The White House is denying an Israeli news network’s report that Valerie Jarrett, one of President Barack Obama’s top advisors, has been secretly conducting negotiations with Iran for more than a year, attempting to stifle rumors that have been granted new life after circulating since last fall.
Israel’s Channel 10’s report aired Sunday, which cites several unnamed “senior Israeli officials,” claiming that Jarrett has been holding talks with Iran over its nuclear program in backrooms for the last year, and keeping Israel in the dark. These talks, which allegedly took place around the Gulf region, were supposedly between Jarrett and the head of Iran’s Atomic Energy Organization, Ali Akbar Salehi.
The television station’s report also claimed that even the State Department was kept out of the loop, and highlighted the differences between France and the United States as evidence that a tentative deal had been completed between Washington and Tehran before members of the international community met in Geneva last month:
According to Channel 10, the secret channel marginalized Kerry, and was overseen by the president. The idea had been for Kerry merely to fly to Geneva, as he did last Friday, to sign a deal in which he had been a bit player. In the event, factors such as the French stance, and Israel’s very public objections, derailed this plan, and the talks broke up last Saturday without an agreement.
White House spokesperson Bernadette Meehan when asked about the claims about Jarrett told Israeli newspaper Haaretz that “those rumors are absolutely 100% false.” Amazingly enough, this is the second time in the last year that the Obama administration has had to tamp down on rumors that Jarrett is conducting secret talks with Iran. The first report ran in Israeli newspaper Yediot Aharonot on Nov. 5, 2012 — the day before the 2012 presidential election — and has been circulating the Internet ever since. In that article, it was alleged that Jarrett “served as the personal and direct emissary of the president to secret meetings with the Iranians,” offering scant details of those meetings’ content.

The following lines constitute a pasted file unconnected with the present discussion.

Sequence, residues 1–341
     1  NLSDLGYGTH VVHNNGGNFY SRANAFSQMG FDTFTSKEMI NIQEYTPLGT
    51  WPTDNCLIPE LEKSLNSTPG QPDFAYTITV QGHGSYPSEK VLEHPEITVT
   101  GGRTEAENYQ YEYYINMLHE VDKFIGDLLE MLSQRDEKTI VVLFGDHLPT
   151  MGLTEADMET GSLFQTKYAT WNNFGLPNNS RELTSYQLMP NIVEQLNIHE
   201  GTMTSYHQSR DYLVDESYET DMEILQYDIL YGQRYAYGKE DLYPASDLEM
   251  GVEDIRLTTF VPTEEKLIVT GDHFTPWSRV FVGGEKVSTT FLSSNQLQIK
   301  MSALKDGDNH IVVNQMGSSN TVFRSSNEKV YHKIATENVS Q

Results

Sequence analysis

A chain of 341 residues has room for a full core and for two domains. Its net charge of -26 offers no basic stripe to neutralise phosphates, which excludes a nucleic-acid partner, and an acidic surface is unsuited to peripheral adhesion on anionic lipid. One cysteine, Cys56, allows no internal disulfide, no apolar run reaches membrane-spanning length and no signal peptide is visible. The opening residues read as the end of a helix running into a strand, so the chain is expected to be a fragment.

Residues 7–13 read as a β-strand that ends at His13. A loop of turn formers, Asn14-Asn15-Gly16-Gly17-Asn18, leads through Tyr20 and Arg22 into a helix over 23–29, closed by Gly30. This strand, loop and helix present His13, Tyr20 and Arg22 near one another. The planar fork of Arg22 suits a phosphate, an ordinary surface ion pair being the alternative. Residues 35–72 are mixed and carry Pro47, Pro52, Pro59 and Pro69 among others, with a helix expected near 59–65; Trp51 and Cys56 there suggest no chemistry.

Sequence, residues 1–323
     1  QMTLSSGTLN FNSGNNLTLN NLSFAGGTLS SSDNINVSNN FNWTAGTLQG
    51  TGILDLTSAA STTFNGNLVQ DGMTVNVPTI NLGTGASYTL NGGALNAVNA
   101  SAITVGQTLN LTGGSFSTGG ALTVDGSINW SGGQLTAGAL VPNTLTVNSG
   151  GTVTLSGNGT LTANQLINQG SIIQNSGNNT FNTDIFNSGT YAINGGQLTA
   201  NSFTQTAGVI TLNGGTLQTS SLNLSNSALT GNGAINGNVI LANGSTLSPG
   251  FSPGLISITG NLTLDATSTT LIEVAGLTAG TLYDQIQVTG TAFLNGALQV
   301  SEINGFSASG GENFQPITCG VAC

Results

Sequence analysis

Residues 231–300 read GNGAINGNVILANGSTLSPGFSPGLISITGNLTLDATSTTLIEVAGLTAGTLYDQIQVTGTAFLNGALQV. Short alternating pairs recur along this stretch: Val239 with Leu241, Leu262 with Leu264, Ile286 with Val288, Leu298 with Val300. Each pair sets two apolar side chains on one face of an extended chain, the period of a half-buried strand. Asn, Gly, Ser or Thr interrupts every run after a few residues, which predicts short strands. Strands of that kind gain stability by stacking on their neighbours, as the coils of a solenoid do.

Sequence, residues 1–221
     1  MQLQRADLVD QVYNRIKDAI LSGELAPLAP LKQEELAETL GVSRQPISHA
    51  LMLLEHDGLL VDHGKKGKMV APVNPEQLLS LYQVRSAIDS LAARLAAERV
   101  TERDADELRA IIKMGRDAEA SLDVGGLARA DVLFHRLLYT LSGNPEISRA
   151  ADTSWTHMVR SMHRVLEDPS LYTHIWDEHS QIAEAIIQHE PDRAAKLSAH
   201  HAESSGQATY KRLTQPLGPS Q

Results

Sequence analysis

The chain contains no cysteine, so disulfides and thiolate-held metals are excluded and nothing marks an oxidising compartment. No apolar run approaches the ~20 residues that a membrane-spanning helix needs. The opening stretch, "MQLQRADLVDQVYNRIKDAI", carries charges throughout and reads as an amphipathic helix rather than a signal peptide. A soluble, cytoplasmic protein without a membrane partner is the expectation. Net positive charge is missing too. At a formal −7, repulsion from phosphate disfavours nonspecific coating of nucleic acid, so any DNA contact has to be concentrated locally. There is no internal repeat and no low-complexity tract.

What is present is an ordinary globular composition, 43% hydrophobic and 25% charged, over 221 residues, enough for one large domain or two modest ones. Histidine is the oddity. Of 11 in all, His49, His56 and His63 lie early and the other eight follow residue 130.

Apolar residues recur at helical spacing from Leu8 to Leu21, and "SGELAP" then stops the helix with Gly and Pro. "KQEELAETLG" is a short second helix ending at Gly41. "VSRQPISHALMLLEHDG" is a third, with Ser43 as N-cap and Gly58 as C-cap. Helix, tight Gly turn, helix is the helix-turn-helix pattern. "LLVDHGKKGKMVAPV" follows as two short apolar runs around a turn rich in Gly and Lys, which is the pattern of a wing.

That didn’t stop commentators on the right-wing from immediately denouncing Jarrett’s alleged involvement. “If Ms. Jarrett emerges with a deal sometime after the election, the suspicion is that her goal is more to get the president off the hook for his promises than to actually stop the Iranians,” Jonathan Tobin wrote at Commentary. Glenn Beck’s The Blaze wrote, “Jarrett’s status as a White House confidante and major figure has been well-known for some time, but this bit of news marks her first foray into being an official foreign policy surrogate. If Obama is reelected tomorrow, however, it certainly might not be the last.”
Fox News in the days after the Israeli report seized upon the idea that Jarrett could be facilitating foreign policy maneuvers, relying on unsourced Iranian blogs to back their assertions. Fox News’ Lisa Daftari — who once warned about the danger of Al-Jazeera America activating al Qaeda sleeper cells in Detroit — wrote that “Jarrett’s foreign policy record offers insight into why her name would come up in rumors of such talks.” The foreign policy record in question? An allegation that Jarrett convinced Obama not to launch an earlier strike against Osama bin Laden, a claim the White House has also refuted.
“As my colleague Tommy Vietor has already confirmed, these reports are ridiculous,” then-State Department spokeswoman Victoria Nuland was forced to say in a briefing days after the initial report. “There are no Valerie Jarrett talks.” Part of the reason that Jarrett has been singled out as a likely interlocutor is her place of birth: Shiraz, Iran, where her American father and mother lived at the time.
That process seems to be repeating itself with the latest report, as conservatives begin to slam the latest Channel 10 allegation. “If this report is found to be accurate despite the administration’s fast denial, the fact that Jarrett is leading the U.S. negotiating team on Iran’s nuclear weapons program is very troubling,” wrote Breitbart News. “She does not appear to have any foreign policy experience or history of being involved in such high level negotiations of this nature.”
Last year’s reports stemmed from a New York Times article in which Iran and the U.S. reportedly laid the groundwork for one-on-one negotiations over its nuclear program. In the months since, the inauguration of Iranian president Hassan Rouhani this year, the U.S. and Iran have had the highest levels of interaction since the Iranian revolution, including an historic phone call between Rouhani and Obama. World powers including the United States, United Kingdom, France, Germany, China, and Russia — the so-called P5+1 — are due to meet with Iran in Geneva again beginning on Wednesday, with both sides saying that an first phase deal could be on the horizon.